The real star of this show is the ebullient music. The leads are often singing in duet or trio format, often with one person singing a slow part where another is singing double-time or triple-time, resulting in a gorgeous and breathless effect. It’s easy to see why this has been such a popular opera for so long.

Nixon in China

I was excited to see what Nixon in China looks like since I have heard several recordings but never seen it staged. I love this opera’s music, and I’m fascinated by the subject, but there is no denying that Nixon in China is, as I put it on Facebook, “weird as hell.” And that’s not entirely a good thing. I admire a lot of what John Adams and Alice Goodman achieved here, but I can’t escape the sense that strangeness for the sake of strangeness may have been one of their goals, whether conscious or not. My copy of the Nonesuch CD set includes a fat booklet with essays by Adams, Peter Sellars (the director of the original production and also the Metropolitan Opera’s production), Goodman, and other luminaries. This is all quite interesting, but I can’t help but feel that I shouldn’t need to read these essays to understand the work.

I also wrote on Facebook “it’s a bit like the old saw about going to a fight but a hockey game broke out. I was watching a poetry reading, a ballet, a newscast, and a riot, and an opera broke out…”

So, let me unpack what I meant by that a little bit.

Nixon in China blends all those kinds of presentations, and it does so in a seamless way that constantly blurs the line between literal historical events, interpolations of events, impressions of characters’ inner thoughts, and fantasy actions that reveal the characters’ impressions, memories, fears, and misunderstandings. It’s this overlap that makes it both beautiful and affecting, but also confusing, and may tend to alienate audiences who expect scenes to stick to a single mode of storytelling at a time.

Right from the beginning we see this constant shifting. Members of the Chinese army, navy, and air forces chant “The Three Main Rules of Discipline and the Eight Points of Attention,” by Mao Zedong (“Chairman Mao,” often transliterated as “Mao Tse-tung”). That text (as translated in Goodman’s libretto) includes lines such as:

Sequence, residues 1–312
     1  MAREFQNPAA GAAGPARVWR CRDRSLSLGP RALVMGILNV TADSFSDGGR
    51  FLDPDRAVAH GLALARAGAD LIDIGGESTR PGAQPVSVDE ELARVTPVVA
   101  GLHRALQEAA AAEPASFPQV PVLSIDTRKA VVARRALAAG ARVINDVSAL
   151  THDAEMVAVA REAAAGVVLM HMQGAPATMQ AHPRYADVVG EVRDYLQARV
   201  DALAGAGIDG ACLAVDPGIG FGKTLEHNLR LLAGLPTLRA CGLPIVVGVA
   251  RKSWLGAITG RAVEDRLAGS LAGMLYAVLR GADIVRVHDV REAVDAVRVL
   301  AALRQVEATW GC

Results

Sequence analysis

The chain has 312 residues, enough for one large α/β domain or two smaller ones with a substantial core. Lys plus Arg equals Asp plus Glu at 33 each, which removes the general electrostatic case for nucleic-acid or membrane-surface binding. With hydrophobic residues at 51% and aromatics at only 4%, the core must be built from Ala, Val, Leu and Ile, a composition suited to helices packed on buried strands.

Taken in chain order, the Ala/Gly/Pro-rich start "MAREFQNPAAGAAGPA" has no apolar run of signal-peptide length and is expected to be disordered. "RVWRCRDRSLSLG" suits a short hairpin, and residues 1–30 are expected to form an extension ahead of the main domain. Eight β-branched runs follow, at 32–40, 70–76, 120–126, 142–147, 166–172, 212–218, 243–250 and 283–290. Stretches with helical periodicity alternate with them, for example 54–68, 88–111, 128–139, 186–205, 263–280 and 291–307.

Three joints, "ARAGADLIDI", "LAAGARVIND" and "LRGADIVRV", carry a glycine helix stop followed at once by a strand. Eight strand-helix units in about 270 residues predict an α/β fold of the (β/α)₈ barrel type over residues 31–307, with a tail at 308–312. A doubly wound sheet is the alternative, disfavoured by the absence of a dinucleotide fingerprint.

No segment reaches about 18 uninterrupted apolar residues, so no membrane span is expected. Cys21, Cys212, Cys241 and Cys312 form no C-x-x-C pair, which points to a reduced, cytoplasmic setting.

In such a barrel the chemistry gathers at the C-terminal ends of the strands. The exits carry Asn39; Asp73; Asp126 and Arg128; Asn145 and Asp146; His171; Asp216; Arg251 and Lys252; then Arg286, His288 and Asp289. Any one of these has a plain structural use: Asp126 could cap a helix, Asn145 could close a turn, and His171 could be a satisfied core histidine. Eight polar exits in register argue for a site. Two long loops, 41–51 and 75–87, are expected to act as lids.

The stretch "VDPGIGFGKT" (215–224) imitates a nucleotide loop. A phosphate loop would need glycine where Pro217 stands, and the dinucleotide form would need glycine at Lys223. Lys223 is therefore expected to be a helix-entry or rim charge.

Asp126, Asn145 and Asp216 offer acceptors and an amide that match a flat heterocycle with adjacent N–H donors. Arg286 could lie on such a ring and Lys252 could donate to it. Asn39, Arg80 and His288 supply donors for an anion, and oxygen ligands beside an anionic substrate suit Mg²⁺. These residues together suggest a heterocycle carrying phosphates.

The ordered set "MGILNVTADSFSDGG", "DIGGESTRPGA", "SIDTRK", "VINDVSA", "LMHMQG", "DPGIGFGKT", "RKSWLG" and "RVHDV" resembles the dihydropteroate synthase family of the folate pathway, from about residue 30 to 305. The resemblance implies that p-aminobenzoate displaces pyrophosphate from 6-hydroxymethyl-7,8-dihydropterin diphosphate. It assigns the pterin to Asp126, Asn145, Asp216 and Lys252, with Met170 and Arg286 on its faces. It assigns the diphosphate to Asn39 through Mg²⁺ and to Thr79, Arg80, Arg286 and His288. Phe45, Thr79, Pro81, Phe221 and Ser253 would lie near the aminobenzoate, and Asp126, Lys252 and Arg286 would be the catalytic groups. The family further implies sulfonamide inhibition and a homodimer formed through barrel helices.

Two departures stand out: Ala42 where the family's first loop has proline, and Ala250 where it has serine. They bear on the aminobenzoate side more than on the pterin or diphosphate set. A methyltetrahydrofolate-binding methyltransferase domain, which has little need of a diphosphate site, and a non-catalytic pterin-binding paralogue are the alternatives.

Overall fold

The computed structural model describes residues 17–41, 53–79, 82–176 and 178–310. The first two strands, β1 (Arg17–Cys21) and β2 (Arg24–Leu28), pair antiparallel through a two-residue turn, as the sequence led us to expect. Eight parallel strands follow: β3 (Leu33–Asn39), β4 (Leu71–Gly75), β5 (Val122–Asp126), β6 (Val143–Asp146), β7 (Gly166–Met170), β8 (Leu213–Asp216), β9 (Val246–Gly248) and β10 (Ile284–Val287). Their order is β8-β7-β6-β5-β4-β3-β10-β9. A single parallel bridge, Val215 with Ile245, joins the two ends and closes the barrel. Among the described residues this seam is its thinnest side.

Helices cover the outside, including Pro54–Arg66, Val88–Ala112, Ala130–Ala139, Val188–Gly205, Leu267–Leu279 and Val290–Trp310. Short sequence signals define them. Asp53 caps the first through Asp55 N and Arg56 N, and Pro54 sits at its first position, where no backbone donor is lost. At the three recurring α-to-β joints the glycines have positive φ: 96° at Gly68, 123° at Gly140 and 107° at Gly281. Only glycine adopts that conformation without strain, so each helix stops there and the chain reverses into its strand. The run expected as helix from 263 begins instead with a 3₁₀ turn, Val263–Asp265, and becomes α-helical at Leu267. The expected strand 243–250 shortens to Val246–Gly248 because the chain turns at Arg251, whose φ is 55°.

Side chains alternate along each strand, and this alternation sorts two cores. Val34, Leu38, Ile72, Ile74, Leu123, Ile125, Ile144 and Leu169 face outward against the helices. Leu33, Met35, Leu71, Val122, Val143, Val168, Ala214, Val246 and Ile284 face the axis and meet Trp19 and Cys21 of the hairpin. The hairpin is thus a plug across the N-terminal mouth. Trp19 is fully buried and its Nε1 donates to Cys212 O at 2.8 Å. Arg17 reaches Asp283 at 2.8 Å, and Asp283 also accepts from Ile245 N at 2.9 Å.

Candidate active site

Divide the landlord’s property,  
take nothing from the tenantry,  
do not mistreat the captive foe.  
Respect women, it is their due  
replace doors when you leave a house.  
Roll up straw matting after use.  

Did the soldiers waiting for Air Force One to land really chant these lines? I have no idea, but it serves to illustrate the way that Mao’s teachings and writings pervaded Chinese society; this theme recurs in the opera.

From there we go to a more realistic-seeming conversation between Nixon and Premier Chou En-lai, who greets him; it is banal and again, probably not literal, but it illustrates a lot about Nixon’s personality: his general friendliness, somewhat meandering thoughts, and schmoozing ability, all at the same time:

CHOU

Your flight was smooth, I hope?  

NIXON

Oh yes,  
smoother than usual I guess.  
Yes, it was very pleasant.  
We stopped in Hawaii for a day  
and Guam, to catch up on the time.  
It’s easier that way.  
The Prime Minister knows about that.  
He is such a traveller.

Nixon draws out the word “smoother” until it seems to have a dozen syllables or more, as if he is filling time while he thinks of something to say next. Then he seems to second-guess himself, adding a gratuitous “I guess.” He babbles a moment about the time change, which to be fair would probably leave me hesitant and dazed as well, then decides a little flattery is in order.

From here things become less plausible, but there is no clear indication in the staging when the text shifts from literal dialogue or monologue that we are expected to take as having happened, and inner monologue, full of imagery and clichés, and no small amount of paranoia, made audible for the audience:

It’s prime time in the U.S.A.  
yesterday night. They watch us now;  
the three main networks’ colors glow  
livid through drapes onto the lawn.  
Dishes are washed and homework done,  
the dog and grandma fall asleep,  
a car roars past playing loud pop,  
is gone. As I look down the road  
I know America is good at heart.  
An old cold warrior piloting towards  
an unknown shore through shoals.  
The rats begin to chew the sheets.  
There’s murmuring bellow.  
Now there’s ingratitude!  
My hand is steady as a rock.  
A sound like mourning doves reaches my ears,  
nobody is a friend of ours.